Skip to main content

Get answers to frequently asked questions about the tank trucking industry below.

What do tank trucks carry?

Tank trucks transport a variety of bulk commodities that are categorized as Hazmat and non-hazmat materials. They can be in the form of liquids or dry bulk products.

What are the different types of tank trucks?

Fuel/Gas and Diesel Tankers haul everything from jet fuel for airlines to delivering gasoline and diesel fuel to gas stations and truck stops. These tankers also transport renewable fuels.

Chemical tankers: Common products transported in chemical tankers includes various types of acids, liquid fertilizers, de-icer, ethylhexyl, glycol, naphtha, solvents, and alcohol. We service all end markets from commodities for every day household goods to heavy industrial and manufacturing.

Pneumatic tankers are the large tanks which haul bulk dry products such as sugar, cement and plastic pellets.

Propane tankers haul liquid propane.

Food Grade tankers haul food products like animal fat, wine, milk and other types of liquid foods, servicing both for human and pet consumption.

Additional types of tank trucks include petroleum tankers, agriculture tankers, water tankers, compressed natural gas (CNG) tankers, and compartmentalized (combined cargo) tankers. Tanker trucks can be pressurized/non-pressurized, vacuum sealed, insulated, or non-insulated.

What certifications do you need to become a tank truck driver?

To become a tank truck driver, you’ll need your commercial driver’s license (CDL-A). Additional certifications and training may include the Transportation Worker Identification Credential (TWIC), Tanker Endorsement, and the Hazardous Materials Endorsement Threat Assessment Program. Your trucking company will provide specific training depending on your equipment and haul.

For the U.S.: Class 8 commercial vehicles are subject to guidelines from the Federal Motor Carrier Safety Administration (FMCSA) who sets regulations on commercial vehicles. One of those regulations is that any driver who is hauling a tanker with over 1,000 gallons of liquid must have an endorsement on their commercial driver’s license (CDL-A). This involves taking a knowledge test to show they can safely operate a tanker trailer.

How much do tank truck drivers make on average?

Entry-level tanker drivers in the U.S. can start making $55,000 per year. Tanker drivers average around $80,000 per year and can reach into the $100,000 range for experienced and specialized drivers.

How do I join the tank truck industry?

If you’re new to the trucking industry:

1. Obtain your commercial driver’s license (CDL-A) in the state you live in through a state department of motor vehicles office, driving school, employer-sponsored program, or military program. The application process requires you to obtain your commercial learner’s permit, complete entry-level driver training and pass a three-part skills test.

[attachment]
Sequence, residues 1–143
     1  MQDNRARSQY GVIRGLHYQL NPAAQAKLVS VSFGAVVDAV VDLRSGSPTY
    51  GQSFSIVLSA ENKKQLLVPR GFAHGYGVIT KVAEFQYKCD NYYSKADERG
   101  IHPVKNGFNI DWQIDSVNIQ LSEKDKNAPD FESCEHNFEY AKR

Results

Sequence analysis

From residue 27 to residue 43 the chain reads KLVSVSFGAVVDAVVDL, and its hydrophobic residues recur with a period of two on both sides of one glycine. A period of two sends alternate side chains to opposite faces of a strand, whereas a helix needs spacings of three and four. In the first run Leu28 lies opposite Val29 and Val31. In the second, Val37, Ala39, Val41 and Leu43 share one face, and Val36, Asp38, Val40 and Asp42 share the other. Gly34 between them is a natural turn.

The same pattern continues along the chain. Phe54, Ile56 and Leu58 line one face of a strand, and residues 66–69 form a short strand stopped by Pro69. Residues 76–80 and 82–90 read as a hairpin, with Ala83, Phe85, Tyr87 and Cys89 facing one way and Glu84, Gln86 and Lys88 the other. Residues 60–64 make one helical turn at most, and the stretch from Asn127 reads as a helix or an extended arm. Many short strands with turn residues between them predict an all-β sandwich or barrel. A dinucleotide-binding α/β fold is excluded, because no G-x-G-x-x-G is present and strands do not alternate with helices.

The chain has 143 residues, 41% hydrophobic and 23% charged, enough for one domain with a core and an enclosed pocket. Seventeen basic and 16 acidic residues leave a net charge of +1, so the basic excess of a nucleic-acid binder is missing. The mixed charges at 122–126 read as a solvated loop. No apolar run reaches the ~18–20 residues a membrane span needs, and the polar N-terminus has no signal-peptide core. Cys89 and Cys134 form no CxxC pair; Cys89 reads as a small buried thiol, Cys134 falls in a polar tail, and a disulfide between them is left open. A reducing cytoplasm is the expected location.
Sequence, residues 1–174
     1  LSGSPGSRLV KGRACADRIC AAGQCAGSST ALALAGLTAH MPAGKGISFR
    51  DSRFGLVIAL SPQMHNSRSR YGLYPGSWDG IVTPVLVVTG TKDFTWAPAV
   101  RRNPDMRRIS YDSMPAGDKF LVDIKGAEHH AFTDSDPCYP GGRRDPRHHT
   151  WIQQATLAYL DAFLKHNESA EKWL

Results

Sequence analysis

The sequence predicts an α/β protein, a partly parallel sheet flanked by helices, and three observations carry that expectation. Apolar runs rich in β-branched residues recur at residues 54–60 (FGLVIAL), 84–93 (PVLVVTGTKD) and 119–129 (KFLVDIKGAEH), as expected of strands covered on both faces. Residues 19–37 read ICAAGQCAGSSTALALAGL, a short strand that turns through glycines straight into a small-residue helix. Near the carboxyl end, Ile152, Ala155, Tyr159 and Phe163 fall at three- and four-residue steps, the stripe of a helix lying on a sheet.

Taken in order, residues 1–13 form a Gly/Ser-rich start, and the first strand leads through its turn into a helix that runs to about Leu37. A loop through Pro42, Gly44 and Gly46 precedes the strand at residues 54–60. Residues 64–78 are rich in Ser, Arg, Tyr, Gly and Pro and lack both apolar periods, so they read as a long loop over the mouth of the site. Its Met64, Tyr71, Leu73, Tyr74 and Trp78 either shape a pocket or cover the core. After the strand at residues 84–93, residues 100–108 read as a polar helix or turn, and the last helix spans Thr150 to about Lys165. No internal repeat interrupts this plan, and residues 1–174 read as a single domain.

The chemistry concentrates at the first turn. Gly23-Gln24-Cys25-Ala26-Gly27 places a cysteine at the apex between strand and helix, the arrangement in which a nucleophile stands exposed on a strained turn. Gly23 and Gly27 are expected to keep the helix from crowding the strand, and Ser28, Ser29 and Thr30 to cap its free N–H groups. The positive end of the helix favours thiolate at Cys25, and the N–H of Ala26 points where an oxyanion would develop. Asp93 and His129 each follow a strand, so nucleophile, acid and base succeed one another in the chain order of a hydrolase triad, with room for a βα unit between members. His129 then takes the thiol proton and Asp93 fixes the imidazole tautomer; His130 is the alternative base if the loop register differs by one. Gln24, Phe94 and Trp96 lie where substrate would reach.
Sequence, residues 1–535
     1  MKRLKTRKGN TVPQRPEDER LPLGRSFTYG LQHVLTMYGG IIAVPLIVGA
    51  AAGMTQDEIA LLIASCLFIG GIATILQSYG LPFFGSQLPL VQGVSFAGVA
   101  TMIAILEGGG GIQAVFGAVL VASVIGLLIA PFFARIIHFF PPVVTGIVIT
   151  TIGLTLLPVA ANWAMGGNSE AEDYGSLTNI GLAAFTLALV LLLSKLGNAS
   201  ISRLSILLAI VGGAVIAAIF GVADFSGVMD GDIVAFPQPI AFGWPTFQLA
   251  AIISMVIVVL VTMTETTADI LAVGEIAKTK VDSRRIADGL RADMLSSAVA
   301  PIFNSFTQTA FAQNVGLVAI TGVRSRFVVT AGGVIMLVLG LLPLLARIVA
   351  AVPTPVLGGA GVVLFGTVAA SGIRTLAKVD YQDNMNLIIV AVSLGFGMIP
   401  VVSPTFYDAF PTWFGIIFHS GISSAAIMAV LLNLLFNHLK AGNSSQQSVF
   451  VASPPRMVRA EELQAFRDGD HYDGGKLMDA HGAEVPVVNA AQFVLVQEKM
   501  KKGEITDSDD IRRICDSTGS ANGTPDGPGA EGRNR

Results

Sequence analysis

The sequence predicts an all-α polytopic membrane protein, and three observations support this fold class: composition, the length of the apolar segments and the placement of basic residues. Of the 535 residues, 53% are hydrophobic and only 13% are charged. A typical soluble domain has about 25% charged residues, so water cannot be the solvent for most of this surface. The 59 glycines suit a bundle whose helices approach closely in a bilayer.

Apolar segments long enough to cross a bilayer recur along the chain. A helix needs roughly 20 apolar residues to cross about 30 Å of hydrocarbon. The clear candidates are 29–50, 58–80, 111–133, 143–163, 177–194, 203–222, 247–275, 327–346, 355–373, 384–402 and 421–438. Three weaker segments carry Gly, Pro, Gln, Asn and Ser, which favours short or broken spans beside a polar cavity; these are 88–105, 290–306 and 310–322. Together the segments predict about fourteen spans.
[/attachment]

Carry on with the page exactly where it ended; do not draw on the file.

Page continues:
2. Complete additional training and certifications/endorsements (H-for hazmat, N-for tanker, X-for combination of both).

3. Meet the requirements of the employer/company you want to work for. Some tanker companies have specific experience criteria and waiver criteria.

4. Complete company training and orientation.

If you’re a current CDL holder, there are additional certifications you may need to complete such as the Transportation Worker Identification Credential (TWIC), Tanker Endorsement, and the Hazardous Materials Endorsement Threat Assessment Program.

Once you’ve completed the necessary training, search for local trucking jobs using our interactive map.

Do I have to be a tank truck driver to be in the industry?

No, many companies offer extended training programs for hauling liquid tanker and the handling of specific products. The training is generally on the job training and is paid by the employer.

Some companies prefer for their new hires to have two or more years of related driving experience. Some have one year of related driving experience. Trucking companies have different minimum hiring criteria, and it is best to review each company separately for these.

How can I find available jobs and training opportunities?

Take the first step toward your tank trucking career by using the search feature on our interactive map. Just enter your location and interests to explore career opportunities in your area.

Do I have to pay for my own training?

Many employers will cover the application costs of your certifications and training such as the Transportation Worker Identification Credential (TWIC) and the Hazardous Materials Endorsement Threat Assessment Program.

How do I become an NTTC member?

As an NTTC member, you’ll have an organization committed to fighting for your interests and dedicated to ensuring the tank truck industry remains safe. Visit the NTTC website to join now.

What are the benefits of becoming an NTTC member?

Gain a powerful voice in Washington, get timely answers to your tank truck concerns, network with other trucking professionals and celebrate our industry’s commitment to safety. You’ll have the opportunity to share experiences and learn from professionals who have been successful in the tank truck industry for many years.